When a company announces on January 4 that it has signed 14 new golfers, then abruptly pulls out of the equipment market just seven months later, it’s clearly a drastic decision that’s come down from on high.
While there has been much comment by industry observers to the effect that “we could see this coming”, it was clearly news to Nike Golf staff and players, especially the 14 newcomers it announced in January, including Americans Tony Finau and Brooks Koepka.
“Nike is an iconic brand,” Koepka says. “All these great, legendary athletes, such as Kobe Bryant, seem to be with Nike. I’m lucky enough to represent the best company in the world. I’m excited with what Nike will do in the future for the game of golf [and] I know that this partnership will help me achieve my personal goals.”
Maybe it will help him achieve his goals, but it won’t be by using their clubs for much longer.
“The best athletes in the world play for Nike and I'm glad to add my name to that list,” Finau affirms. “I look forward to striving for greatness as a lot of Nike athletes have. I know innovation is a big part of Nike and changing the mold, changing the game — that’s what drew me to the Swoosh.”
The innovation for Tony will all be in the shoe and clothing departments and those flat billed hats, presumably. And marketing.
How much forewarning Tiger Woods and Rory McIlroy got about yesterday’s news remains to be seen but given that McIlroy’s team has been working on the renewal of his $100m, five-year contract, due to expire on 31 December 2017, it’s possible they did not get much warning at all from the head of corporate, never mind Nike Golf.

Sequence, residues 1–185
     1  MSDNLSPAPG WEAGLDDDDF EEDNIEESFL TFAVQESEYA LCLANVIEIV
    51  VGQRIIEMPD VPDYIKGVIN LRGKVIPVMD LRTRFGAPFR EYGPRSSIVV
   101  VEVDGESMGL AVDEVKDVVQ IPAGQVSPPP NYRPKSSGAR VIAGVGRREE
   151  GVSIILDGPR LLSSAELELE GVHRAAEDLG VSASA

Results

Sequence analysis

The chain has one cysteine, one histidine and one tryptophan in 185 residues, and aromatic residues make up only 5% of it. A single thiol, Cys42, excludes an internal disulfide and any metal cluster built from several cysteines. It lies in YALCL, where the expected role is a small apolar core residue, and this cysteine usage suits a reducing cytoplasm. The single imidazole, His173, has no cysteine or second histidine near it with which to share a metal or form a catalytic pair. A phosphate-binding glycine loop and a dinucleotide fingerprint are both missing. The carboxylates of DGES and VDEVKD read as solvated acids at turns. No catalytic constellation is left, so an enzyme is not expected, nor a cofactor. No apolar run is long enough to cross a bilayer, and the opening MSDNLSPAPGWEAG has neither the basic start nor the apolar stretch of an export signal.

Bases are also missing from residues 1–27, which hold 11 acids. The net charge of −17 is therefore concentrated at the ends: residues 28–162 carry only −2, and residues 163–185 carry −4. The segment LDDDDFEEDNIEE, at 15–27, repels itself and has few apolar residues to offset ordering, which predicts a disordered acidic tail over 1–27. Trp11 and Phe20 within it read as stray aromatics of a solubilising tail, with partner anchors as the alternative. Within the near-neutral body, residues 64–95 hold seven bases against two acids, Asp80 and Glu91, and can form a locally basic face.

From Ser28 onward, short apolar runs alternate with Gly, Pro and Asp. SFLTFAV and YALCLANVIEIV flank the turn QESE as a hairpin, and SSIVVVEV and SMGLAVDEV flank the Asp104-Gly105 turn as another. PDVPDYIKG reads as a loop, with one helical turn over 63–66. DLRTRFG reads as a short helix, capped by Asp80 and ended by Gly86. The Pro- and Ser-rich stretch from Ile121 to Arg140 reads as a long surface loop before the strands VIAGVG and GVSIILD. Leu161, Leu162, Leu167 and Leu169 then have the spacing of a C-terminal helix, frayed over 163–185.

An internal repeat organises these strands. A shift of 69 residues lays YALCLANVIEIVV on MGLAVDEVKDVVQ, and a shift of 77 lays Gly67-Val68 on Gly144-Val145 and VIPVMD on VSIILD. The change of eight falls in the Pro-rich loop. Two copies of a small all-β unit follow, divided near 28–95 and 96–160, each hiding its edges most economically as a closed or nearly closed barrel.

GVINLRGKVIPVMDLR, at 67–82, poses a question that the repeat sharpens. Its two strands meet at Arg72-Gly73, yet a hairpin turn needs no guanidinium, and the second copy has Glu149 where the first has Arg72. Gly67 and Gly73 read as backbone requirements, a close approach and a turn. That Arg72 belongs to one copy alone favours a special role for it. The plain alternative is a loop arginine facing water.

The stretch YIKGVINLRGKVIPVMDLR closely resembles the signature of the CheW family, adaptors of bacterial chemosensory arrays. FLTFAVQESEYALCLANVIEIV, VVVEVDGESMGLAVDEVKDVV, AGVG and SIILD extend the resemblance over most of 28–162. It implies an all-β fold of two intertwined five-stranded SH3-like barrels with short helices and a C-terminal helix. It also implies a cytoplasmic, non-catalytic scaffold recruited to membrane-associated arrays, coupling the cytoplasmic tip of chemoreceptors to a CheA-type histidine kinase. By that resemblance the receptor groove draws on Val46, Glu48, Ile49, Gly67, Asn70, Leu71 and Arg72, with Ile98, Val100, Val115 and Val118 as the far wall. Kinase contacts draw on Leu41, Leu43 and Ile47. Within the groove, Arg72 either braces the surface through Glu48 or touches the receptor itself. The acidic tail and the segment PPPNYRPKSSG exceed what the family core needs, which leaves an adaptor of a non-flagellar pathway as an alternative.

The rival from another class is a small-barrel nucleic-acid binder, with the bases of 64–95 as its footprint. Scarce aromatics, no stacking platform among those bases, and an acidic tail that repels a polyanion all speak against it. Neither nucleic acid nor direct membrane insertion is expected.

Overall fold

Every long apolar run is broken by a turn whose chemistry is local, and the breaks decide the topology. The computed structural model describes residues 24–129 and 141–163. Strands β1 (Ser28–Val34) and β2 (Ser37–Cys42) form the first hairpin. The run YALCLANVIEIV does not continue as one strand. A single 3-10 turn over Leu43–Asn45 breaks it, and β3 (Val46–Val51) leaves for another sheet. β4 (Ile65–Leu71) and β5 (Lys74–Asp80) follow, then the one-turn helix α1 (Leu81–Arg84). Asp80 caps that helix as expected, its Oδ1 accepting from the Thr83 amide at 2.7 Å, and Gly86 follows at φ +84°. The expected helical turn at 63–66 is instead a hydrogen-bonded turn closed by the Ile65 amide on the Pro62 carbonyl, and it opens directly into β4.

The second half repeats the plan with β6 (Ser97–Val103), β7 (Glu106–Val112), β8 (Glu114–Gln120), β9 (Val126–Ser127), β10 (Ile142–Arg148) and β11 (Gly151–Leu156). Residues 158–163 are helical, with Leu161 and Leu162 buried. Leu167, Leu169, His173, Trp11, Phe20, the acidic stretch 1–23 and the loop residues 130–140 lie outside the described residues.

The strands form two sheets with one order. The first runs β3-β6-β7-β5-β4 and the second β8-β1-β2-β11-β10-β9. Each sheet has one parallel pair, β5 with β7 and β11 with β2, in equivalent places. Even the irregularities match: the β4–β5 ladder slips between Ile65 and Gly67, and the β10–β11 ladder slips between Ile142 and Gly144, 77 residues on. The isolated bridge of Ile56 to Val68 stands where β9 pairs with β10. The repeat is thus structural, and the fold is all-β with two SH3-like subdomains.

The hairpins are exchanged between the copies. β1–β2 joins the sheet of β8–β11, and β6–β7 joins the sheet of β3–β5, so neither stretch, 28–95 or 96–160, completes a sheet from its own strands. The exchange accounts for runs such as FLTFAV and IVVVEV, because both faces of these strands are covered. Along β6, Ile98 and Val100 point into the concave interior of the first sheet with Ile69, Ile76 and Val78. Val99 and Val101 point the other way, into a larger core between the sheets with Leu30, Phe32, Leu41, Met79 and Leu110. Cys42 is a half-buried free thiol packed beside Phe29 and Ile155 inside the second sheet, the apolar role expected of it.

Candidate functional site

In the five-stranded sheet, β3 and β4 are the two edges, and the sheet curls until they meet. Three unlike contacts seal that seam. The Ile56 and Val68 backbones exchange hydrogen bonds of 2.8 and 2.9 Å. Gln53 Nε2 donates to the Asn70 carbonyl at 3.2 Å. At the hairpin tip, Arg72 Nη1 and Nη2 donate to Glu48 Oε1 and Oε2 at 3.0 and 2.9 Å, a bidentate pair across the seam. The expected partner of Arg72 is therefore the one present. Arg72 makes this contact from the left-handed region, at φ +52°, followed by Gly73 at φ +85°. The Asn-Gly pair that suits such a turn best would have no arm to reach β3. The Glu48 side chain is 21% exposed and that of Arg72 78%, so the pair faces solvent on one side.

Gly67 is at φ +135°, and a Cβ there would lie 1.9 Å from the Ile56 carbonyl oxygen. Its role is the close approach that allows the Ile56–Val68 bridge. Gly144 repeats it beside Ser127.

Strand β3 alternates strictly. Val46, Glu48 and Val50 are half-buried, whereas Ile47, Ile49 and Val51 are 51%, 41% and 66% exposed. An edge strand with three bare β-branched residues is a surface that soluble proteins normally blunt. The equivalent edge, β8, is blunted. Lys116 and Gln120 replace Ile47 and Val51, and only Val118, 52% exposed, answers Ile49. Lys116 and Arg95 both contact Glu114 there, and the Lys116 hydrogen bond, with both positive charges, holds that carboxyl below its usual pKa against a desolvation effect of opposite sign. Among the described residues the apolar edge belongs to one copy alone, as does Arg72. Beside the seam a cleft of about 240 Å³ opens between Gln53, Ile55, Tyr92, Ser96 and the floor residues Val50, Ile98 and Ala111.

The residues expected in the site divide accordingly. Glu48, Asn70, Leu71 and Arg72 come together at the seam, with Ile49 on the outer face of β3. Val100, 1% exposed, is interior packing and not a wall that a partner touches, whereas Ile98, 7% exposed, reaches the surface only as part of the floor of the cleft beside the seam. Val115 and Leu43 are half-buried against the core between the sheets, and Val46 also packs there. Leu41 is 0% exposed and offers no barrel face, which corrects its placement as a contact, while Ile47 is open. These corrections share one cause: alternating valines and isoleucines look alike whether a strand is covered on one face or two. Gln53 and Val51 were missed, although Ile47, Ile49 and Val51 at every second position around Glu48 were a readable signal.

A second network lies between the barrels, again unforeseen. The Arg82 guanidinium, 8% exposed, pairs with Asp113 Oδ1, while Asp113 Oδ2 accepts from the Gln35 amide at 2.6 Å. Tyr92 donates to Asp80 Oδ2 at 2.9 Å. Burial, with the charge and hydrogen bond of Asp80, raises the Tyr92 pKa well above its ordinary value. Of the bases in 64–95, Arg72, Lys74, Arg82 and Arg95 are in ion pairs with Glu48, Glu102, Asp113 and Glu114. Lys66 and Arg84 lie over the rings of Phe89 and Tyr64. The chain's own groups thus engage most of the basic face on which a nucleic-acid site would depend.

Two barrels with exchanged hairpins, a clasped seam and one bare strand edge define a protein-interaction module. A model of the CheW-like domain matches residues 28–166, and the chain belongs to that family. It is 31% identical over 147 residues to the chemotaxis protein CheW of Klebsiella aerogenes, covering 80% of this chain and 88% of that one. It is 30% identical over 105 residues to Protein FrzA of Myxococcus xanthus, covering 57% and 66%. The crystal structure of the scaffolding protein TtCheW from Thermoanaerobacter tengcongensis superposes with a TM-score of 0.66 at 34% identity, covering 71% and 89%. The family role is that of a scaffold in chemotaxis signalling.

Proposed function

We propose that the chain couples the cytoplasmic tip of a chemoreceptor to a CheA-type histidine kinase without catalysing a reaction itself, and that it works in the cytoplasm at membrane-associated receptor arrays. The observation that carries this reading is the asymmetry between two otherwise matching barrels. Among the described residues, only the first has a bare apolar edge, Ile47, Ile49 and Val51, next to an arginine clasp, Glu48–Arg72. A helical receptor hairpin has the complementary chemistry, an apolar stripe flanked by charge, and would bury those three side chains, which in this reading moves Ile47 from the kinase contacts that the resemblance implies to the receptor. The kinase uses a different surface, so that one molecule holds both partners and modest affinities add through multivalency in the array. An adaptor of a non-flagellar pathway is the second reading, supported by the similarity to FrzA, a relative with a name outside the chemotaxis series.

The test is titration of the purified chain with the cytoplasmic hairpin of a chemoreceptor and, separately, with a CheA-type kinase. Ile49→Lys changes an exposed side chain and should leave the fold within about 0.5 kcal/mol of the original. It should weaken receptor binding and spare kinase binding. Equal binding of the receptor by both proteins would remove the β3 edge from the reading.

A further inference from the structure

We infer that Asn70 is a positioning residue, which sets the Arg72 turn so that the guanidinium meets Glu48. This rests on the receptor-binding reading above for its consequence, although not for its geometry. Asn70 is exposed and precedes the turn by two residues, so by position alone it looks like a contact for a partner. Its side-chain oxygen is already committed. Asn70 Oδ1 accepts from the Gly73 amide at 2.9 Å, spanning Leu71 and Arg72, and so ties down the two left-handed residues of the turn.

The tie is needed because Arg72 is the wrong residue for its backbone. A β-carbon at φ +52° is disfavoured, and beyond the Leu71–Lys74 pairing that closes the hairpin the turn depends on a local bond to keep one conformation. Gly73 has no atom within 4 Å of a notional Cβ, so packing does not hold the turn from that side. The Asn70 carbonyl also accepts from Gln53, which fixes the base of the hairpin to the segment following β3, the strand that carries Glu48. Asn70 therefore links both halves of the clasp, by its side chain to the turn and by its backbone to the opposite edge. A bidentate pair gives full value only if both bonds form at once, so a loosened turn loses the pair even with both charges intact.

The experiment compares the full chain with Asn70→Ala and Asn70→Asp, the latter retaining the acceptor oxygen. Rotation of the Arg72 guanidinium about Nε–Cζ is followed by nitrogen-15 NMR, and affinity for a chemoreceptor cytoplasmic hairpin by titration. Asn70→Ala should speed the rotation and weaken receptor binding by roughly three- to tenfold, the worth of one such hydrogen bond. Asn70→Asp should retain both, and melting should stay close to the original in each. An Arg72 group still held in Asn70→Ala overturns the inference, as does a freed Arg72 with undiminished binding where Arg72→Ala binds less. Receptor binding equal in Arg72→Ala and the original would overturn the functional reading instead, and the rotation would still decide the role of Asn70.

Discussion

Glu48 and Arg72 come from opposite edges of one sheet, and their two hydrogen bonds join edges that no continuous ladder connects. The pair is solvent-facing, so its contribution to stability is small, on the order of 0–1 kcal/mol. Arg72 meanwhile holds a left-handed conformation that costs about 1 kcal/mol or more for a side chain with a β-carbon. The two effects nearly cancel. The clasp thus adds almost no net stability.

What happens now to the new signings? As yet, the state of the post-Nike Golf equipment landscape is unclear and agents are screaming for information.
Nike's new boys were;
- Brooks Koepka (USA)
- Toni Finau (USA)
- Lucas Bjerregaard (Denmark)
- Pan Cheng-tsung (Taiwan)
- Ashley Chesters (England)
- Trevor Cone (US)
- Tim Crouch (US)
- Marcus Kinhult (Sweden)
- Tom Lewis (England)
- Denny McCarthy (US)
- So Hye Park (Korea)
- Hunter Stewart (US)
- Joshua White (US)
- Rumi Yoshiba (Japan)
With Nike also pulling out of golf bag and golf ball manufacture, McIlroy’s bag may finally get the commercial sponsor that was the cause of so much angst four years ago, when he was negotiating his five-year deal with the sportswear giant.
Initially to be a Nike-free zone with the bag space reserved for a big corporate sponsor, nothing but a swoosh ever made it onto the bag for any considerable length of time (bar charity appearances or the occasional nod to his partners), which means that lucrative piece of real estate may finally be exploited.
As for McIlroy’s options, it seems unlikely that he would be delighted to see the back of Nike when he was trying to renew his contract.
After all, how many companies are willing to pay you $20m a year and market you all over the world?
Then there’s the golf ball.
Busy times ahead if you are in the business of managing golfers. High pressure times.